Design Significance: The EXP interior package and Halo Autoland system give the M600 SLS a fresh looking interior coupled to the latest safety technology.
PILATUS PC-12 NGX
Innovation: At $5.4 million (typically equipped), the latest iteration of the PC-12 isn’t the least expensive single-engine turboprop, but it is arguably the most versatile. This fresh update of this strong-selling turboprop single features single-lever power control, more cruise speed, and optional autothrottle combined with a restyled and quieter cabin and larger passenger windows.
Cabin: The NGX’s new cabin refinements include windows that have been reshaped and enlarged 10 percent and redesigned executive seats offer more headroom, full recline, and improved lumbar support. Quick-release seat attachments enable quick cabin reconfiguration without the help of maintenance crews. A new headliner provides indirect lighting, more uniform and quiet air distribution, and increased headroom. Passenger positions now feature dual cupholders and integrated sidewall USB ports. Six different interiors—designed by BMW Group’s Designworks—are offered with the executive NGX, as are bespoke interiors and paint schemes. The engine can be operated in a low-prop-speed mode, lowering cabin noise without compromising performance thanks to an electronic propeller and engine control system.
Performance and Efficiency: Since 1994, the Pilatus PC-12 has combined go-anywhere utility with creature comforts that include a large, pressurized cabin, near 300-knot speed, and more than five hours of endurance. Stall speed at maximum takeoff weight is 67 knots, remarkable for a 10,000-pound airplane. The trailing-link landing gear smooths out the sloppiest of landings and facilitates touchdown on paved or unpaved surfaces.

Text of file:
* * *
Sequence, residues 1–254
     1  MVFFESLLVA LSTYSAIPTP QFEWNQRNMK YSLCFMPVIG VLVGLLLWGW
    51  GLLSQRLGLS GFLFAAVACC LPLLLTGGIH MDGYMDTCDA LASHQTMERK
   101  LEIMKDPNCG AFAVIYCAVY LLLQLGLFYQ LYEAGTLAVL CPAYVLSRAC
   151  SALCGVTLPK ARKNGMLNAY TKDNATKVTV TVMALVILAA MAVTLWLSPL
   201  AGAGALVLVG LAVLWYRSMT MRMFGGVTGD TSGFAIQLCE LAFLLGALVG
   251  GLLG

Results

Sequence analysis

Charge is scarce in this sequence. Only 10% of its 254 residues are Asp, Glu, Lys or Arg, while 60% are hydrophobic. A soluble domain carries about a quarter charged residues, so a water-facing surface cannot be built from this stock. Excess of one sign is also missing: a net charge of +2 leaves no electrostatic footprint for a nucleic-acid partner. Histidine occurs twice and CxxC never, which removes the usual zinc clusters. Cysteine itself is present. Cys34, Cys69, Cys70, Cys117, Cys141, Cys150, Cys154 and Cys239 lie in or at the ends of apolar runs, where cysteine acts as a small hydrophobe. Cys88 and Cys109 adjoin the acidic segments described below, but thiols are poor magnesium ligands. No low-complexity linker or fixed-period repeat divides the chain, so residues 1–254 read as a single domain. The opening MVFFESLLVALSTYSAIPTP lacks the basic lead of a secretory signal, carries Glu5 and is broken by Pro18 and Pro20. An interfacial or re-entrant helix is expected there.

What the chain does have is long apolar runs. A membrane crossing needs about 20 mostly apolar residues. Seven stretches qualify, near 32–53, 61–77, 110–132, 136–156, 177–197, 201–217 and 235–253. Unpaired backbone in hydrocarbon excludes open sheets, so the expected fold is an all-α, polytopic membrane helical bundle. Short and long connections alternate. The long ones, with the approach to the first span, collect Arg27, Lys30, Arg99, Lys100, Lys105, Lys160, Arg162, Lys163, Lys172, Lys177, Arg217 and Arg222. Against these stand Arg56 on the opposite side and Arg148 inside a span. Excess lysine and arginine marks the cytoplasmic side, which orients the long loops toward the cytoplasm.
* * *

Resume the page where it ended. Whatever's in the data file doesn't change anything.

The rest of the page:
The NGX is powered by the new Pratt & Whitney PT6E-67XP, which features full digital flight envelope protection, precise and intuitive engine control, reduced pilot workload, and optimized power. Controlled by a single power lever, the PT6E-67XP produces 1,825 shp and is flat-rated to 1,100 shp in cruise flight, a 10 percent increase from the PC-12’s PT6A-67P. It allows the NGX to reach a maximum cruise speed of 290 knots. The new engine will have a 5,000 hour time-between-overhaul period with hot section inspections only required on-condition and be able to transmit data on more than 100 engine parameters that are continuously monitored, adjusted, and recorded. The NGX is certified to fly without fuel anti-ice additive.